The Brain-Computer Interface

Man has taken another step toward godliness with the advent of the Thought Translation Device. For those unfamiliar with this invention (which probably makes about all of us), it harnesses brain activity so that fully paralyzed patients at Germany's University of Tubingen may communicate with computers and therefore the world.

In a nutshell, the device reads electrical signals produced by thoughts through electrodes attached to the scalp. These signals, known as slow cortical potentials (SCP) for their occurrence in the cerebral cortex, must be directed deliberately and painstakingly to accomplish something as simple as moving a mouse pointer. It reportedly takes years to become capable of writing a short letter.

But the ability has been proven: humans can now direct action completely from thought, without making a keystroke, voicing a command, even raising an eyebrow. More importantly, these actions are carried out by personal computers, which are becoming as powerful as they are ubiquitous.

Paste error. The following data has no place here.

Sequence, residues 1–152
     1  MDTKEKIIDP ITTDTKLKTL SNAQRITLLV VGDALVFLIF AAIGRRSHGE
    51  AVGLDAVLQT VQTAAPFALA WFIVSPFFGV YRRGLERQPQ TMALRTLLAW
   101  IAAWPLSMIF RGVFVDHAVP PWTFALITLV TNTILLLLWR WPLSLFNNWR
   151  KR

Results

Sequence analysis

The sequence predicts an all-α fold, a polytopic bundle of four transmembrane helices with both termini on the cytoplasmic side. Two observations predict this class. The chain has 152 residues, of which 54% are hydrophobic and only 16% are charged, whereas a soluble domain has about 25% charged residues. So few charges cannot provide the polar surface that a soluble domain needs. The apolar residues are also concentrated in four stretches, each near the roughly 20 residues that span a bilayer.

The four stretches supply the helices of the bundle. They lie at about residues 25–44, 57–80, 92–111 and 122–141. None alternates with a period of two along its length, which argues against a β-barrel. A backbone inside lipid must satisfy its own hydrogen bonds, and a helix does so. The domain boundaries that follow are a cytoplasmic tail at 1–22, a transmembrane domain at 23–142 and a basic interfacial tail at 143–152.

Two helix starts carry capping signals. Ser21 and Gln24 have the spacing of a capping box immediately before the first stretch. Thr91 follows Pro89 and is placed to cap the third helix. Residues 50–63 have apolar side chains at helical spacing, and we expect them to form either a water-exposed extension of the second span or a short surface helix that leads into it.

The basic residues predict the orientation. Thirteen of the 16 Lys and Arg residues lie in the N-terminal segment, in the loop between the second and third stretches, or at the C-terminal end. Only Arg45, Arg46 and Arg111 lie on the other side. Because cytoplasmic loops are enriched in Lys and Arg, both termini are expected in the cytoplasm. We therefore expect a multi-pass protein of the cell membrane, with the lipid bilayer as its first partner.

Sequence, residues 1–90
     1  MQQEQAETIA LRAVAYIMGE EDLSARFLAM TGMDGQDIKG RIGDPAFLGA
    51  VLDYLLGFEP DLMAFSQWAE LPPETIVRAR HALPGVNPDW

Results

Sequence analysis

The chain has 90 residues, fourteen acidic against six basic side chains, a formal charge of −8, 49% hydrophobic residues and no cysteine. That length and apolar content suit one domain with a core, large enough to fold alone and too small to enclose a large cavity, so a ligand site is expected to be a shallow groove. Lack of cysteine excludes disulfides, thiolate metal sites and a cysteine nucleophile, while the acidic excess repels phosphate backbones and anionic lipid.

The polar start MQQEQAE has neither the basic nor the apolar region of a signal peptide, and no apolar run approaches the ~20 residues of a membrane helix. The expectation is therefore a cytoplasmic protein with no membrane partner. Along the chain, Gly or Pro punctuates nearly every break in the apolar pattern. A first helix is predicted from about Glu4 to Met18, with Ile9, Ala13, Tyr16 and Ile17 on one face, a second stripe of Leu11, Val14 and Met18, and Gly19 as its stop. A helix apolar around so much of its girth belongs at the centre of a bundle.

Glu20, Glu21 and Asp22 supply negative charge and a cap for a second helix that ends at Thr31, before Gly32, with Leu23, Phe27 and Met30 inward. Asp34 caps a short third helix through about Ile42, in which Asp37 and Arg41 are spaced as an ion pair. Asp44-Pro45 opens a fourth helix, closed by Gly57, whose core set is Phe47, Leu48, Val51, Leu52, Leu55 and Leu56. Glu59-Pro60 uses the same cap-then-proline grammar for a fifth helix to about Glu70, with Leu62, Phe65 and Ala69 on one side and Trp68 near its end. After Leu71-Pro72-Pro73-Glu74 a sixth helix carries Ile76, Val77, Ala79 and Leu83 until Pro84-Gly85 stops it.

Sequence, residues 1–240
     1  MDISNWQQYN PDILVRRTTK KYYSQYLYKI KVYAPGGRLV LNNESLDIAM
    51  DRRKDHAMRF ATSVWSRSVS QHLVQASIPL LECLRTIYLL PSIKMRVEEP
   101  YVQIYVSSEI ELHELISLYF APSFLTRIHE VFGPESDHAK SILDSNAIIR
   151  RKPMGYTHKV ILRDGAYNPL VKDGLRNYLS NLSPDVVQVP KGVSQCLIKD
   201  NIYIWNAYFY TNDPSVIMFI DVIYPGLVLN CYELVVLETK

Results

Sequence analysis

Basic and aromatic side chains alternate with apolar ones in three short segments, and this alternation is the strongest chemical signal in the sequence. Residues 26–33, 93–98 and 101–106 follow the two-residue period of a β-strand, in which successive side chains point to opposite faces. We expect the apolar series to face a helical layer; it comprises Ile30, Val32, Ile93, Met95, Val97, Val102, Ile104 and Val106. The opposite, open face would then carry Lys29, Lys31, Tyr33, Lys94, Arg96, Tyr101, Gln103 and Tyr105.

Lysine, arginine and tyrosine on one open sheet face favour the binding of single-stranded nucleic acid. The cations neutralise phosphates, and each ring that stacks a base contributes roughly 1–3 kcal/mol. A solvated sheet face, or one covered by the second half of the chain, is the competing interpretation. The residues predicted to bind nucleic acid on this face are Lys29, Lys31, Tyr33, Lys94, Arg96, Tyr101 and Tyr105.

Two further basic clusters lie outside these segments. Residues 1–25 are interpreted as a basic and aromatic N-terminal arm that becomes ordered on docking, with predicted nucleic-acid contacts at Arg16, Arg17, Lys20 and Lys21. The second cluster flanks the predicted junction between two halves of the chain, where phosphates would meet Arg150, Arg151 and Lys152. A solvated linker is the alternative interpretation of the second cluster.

To make the connection, consider another recent technical announcement; that the amount of information transmitted over the Internet will go on doubling each year for the next five years, reaching 5,175 petabits per day by 2007, up from 2002's 180 petabits per day, according to International Data (IDC). For the record, one petabit equals one million gigabits.

Consider also that the current incarnation of the Thought Translation Device uses external electrodes only, meaning each message must be transmitted through the skull and then interpreted using a new thought process. Subjects must learn to use certain imagery or thoughts to direct completely different actions. This makes the process laborious and inefficient.

But this is temporary. Studies at Brown and Emory universities have already shown great promise in implanting electrodes directly into test animals' motor cortex, where action is realized. This enabled monkeys to make cursor movements on pace with the speed of the human hand. Can you imagine what our species will be capable of when those sensors land in us?

With that much data a mere thought away, we will be closer than ever to omniscience.